No Ebay for Live 8
Internet auction site eBay last night banned greedy touts from selling Live 8 tickets on line after a furious backlash. Hundreds of people flooded eBay with fake ticket offers to confuse buyers and sabotage what Live 8 organiser Sir Bob Geldof branded “sick profiteering”.
“Selling Live 8 tickets, which are free, is sick – just profiteering… It is completely against the interests of the poor.”
Sir Bob went on: “It was a sort of example of corporate arrogance that it thought it could operate outside the morality of its audience. I am glad it has stopped and well done for taking them down, but it was despicable and they should have thought about it before they did this. They miscalculated this country very badly and, magnificently, the country won.”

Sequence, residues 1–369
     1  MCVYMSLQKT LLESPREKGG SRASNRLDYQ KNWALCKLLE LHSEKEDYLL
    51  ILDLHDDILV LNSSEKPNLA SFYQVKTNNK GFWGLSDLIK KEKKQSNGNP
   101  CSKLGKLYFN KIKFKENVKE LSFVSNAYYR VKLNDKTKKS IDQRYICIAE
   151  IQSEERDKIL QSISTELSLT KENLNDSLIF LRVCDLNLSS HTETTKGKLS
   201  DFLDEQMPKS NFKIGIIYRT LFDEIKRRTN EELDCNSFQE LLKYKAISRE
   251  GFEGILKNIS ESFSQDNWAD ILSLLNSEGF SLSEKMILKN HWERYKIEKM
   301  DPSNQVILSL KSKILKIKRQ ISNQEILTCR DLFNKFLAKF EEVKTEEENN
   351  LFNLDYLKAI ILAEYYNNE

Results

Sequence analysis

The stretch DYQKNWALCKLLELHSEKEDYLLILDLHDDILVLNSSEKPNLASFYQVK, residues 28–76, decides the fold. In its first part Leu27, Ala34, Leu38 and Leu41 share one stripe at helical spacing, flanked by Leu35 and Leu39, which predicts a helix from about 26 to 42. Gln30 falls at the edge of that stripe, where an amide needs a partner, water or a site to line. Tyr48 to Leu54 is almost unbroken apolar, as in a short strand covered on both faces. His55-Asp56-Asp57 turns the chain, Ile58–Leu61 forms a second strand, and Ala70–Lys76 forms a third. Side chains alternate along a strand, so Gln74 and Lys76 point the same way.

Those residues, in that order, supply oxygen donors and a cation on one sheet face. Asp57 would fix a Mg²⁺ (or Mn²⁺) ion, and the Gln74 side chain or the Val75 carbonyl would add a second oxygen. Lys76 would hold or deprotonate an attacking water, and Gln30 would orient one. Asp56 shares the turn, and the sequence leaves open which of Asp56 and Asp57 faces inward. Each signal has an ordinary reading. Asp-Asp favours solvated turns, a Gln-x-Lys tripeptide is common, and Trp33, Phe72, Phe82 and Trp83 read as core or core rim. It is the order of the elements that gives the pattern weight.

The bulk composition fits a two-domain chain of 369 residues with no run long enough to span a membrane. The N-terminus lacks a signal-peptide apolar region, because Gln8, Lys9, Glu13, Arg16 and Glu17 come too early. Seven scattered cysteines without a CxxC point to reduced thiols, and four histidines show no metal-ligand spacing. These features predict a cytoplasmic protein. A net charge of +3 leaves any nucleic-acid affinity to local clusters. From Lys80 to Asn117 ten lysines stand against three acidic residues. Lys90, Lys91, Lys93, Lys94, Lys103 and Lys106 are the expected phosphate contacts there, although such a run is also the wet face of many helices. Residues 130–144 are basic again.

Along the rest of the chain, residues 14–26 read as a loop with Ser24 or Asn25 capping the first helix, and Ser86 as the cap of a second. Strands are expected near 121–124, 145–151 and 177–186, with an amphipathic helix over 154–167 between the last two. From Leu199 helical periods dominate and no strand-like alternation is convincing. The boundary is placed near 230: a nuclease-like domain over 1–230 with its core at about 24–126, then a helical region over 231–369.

More than two million people texted the ticket line for 150,000 tickets for the July 2 concert in London’s Hyde Park.
It will be Britain’s biggest-ever concert and will include Pink Floyd, Sir Paul McCartney, Madonna, Coldplay, Robbie Williams and Sir Elton John. Geldof threatened court action after eBay initially refused to ban the touts’ adverts.
At first, a spokesman said: “The reselling of charity concert tickets is not illegal. “We are allowing the tickets because we live in a free market where people can make up their own minds about what they would like to buy and sell. A ticket to the Live 8 concert is no different from a prize won in a raffle run by another charity and what the winner chooses to do with it is up to them.”
But eBay backed down after Government minister James Purnell wrote to them asking them to halt the adverts.
Source: The Mirror